An increasing number of healthcare organizations are looking for new and innovative ways to support competency assessment programs. The traditional paper and pen tracking systems are becoming more burdensome to manage especially with the growing number of regulatory requirements healthcare organizations must comply with, such as Joint Commission and MAGNET(R).
In a recent webinar, leading competency assessment expert Donna Wright discussed the challenges of competency assessments.
In particular, Donna cites there are too many competencies, too many checklists, and too much of a tendency to use education as the answer to every performance-related problem.
New approaches to competency assessment, such as those advocated by Wright, help healthcare organizations to effectively monitor and document employee performance and competency proficiency to drive results beyond meeting regulatory requirements.
These new approaches foster individual accountability by aligning employee goals and development activities with organizational priorities and make the act of tracking progress a collaborative effort between the organization and its employees.
Paper-based competency assessment is challenging and time-consuming, making it difficult to ensure accuracy, quality and consistency in the process. This in turn makes it difficult to assess whether or not your organization meets regulatory requirements, let alone provide any capability to extend the value of these assessments into employee development opportunities.
The complexity of paper-based competency assessments is something the teams at Charles George Veterans Affairs (VA) Medical Center in Asheville, NC and Piedmont Hospital in Atlanta, GA are painfully aware of. Charles George VAMC was relying on a paper-based system, and Piedmont Hospital was relying on a system of notebooks for their respective competency assessments.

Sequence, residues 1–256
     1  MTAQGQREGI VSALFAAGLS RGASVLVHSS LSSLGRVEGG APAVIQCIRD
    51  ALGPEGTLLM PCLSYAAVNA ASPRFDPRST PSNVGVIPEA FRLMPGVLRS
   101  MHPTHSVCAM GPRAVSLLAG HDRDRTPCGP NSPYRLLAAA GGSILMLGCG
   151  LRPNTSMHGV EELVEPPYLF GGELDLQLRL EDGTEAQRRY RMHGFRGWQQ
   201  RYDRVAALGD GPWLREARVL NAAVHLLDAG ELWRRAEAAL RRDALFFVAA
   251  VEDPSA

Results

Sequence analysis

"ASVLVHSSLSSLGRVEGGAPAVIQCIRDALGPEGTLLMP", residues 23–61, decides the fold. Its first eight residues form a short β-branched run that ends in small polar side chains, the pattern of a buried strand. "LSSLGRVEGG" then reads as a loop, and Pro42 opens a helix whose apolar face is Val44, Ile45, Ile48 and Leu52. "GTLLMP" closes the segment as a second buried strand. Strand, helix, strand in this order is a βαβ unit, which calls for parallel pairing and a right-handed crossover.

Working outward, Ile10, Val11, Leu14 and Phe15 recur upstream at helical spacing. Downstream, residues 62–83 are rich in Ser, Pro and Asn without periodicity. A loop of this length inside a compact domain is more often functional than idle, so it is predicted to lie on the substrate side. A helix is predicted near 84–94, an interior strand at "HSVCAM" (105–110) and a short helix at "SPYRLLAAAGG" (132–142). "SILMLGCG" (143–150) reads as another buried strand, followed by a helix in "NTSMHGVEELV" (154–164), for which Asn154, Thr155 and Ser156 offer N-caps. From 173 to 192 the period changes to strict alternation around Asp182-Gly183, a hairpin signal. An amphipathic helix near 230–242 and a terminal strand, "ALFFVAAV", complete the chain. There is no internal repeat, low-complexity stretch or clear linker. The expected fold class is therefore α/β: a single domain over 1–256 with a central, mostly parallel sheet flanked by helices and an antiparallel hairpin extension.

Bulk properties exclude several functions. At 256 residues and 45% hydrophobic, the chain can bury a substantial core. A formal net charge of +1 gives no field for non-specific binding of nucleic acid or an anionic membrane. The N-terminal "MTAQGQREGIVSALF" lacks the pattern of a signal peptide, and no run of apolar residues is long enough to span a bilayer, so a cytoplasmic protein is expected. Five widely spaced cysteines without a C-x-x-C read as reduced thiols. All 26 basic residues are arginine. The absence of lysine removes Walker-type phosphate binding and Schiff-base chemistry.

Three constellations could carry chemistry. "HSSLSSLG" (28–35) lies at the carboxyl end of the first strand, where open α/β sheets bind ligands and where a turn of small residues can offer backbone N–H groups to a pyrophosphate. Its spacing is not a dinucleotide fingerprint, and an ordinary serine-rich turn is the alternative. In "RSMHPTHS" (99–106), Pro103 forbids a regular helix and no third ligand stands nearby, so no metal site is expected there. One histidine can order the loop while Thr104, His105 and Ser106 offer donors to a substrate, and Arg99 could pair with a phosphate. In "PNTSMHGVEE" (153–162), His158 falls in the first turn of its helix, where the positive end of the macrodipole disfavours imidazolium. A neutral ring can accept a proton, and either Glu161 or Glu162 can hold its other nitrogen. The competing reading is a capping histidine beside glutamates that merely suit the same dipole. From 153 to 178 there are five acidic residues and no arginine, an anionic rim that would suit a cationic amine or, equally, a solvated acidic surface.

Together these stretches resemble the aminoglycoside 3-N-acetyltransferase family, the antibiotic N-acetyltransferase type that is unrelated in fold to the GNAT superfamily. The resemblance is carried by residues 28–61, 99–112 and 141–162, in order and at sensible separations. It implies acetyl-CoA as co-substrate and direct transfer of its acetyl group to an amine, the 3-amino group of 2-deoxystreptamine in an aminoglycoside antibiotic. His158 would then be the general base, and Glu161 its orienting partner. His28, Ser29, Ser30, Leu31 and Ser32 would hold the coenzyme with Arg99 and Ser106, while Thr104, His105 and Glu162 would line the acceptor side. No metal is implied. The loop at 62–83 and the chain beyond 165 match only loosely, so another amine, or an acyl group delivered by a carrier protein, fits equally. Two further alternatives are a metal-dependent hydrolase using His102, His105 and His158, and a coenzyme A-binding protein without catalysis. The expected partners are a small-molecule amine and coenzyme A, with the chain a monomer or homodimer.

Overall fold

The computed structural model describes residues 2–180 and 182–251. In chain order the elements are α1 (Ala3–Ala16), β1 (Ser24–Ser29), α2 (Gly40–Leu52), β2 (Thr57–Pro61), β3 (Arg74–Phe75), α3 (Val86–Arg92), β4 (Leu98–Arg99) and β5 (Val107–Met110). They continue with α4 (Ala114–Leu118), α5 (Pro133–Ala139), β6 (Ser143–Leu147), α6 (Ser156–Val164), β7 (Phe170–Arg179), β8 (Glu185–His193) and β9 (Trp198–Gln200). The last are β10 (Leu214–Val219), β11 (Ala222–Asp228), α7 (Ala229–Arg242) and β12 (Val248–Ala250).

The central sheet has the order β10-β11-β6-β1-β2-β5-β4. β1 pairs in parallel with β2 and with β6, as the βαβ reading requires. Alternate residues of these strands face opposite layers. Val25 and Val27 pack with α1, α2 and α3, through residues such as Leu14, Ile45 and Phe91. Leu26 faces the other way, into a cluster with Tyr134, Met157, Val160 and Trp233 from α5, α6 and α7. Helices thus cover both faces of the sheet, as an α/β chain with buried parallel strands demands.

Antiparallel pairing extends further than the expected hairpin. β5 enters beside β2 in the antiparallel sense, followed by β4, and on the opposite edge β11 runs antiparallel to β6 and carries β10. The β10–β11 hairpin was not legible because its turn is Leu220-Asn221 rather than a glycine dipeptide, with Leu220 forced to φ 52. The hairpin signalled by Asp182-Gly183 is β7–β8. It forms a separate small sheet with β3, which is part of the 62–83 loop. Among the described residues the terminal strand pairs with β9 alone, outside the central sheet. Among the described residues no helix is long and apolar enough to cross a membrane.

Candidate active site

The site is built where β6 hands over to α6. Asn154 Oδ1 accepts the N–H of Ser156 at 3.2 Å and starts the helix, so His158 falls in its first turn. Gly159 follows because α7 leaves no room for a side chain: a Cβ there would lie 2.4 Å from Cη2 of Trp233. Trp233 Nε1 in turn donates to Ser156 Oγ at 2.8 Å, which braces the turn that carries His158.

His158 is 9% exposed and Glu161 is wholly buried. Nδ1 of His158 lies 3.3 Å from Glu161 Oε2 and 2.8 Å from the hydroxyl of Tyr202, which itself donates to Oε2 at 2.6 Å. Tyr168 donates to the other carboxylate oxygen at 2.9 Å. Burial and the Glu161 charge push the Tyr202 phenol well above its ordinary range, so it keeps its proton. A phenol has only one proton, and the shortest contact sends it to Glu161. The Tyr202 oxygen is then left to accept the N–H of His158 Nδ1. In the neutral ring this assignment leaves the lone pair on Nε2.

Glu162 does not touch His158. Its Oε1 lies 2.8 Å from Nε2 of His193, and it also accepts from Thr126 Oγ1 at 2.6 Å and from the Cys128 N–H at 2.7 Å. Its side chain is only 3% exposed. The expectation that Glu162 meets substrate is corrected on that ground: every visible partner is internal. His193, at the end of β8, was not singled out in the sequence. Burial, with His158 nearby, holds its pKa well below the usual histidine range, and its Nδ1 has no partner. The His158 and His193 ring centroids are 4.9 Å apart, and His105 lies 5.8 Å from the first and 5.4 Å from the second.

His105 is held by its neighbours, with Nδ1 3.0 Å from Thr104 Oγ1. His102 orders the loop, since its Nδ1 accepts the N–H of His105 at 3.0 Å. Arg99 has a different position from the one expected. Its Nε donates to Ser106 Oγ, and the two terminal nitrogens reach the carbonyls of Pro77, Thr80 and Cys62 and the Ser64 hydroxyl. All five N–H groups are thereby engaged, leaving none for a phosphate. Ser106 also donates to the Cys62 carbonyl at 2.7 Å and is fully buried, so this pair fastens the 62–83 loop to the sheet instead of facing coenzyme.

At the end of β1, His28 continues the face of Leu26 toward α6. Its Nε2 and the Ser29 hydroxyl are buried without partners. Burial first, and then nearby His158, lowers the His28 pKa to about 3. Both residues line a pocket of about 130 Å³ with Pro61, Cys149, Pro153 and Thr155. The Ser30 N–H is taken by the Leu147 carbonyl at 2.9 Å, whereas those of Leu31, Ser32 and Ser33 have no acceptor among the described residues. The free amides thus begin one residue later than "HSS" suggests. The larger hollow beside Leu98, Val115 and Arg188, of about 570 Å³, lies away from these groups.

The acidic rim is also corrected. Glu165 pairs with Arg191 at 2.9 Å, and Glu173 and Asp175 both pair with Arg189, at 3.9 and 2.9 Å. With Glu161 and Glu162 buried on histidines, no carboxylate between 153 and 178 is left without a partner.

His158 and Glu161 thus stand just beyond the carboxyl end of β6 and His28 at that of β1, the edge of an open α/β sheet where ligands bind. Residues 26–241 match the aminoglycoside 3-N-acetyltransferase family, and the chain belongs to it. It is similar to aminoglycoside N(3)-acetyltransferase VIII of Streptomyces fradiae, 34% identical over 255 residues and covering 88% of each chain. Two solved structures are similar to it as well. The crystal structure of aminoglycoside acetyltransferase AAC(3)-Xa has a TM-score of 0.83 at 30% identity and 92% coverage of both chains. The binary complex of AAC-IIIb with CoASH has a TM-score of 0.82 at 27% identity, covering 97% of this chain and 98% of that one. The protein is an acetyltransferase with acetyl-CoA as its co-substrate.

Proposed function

With a move to an online performance management system to support their competency assessment, both of these organizations are focused on driving additional value beyond regulatory requirements. Charles George VAMC is using competency assessment to increase employee engagement and improve overall patient care. As the lead on the project explains:
We expect our competency assessment program to positively impact patient care as part of our sustained effort to ensure continued high quality of care. We will be able to quickly and easily identify areas of skills concern as they arise in the process which directly improves our level of patient care. We can ensure our employees have the most up-to-date skills and knowledge needed to serve our patients.
Piedmont Hospitals in Atlanta, GA has been using competency assessments to support the development of new graduate nurses. While the move to an automated competency assessment process was a gradual one, the result is driving new levels of employee accountability with individual nurses actively ensuring they receive required training. The end result is a competency assessment program that supports organizational goals and outcomes that benefit patients.
While competency assessment will always be a challenging area, it doesn't have to be a headache for HR professionals in the healthcare sector. Both the VAMC and Piedmont Hospital cases demonstrate that competency assessments can quickly become a powerful and strategic tool that supports organizational goals such as patient safety while driving employee engagement and accountability.
To view an archive of Donna Wright's webinar, click here.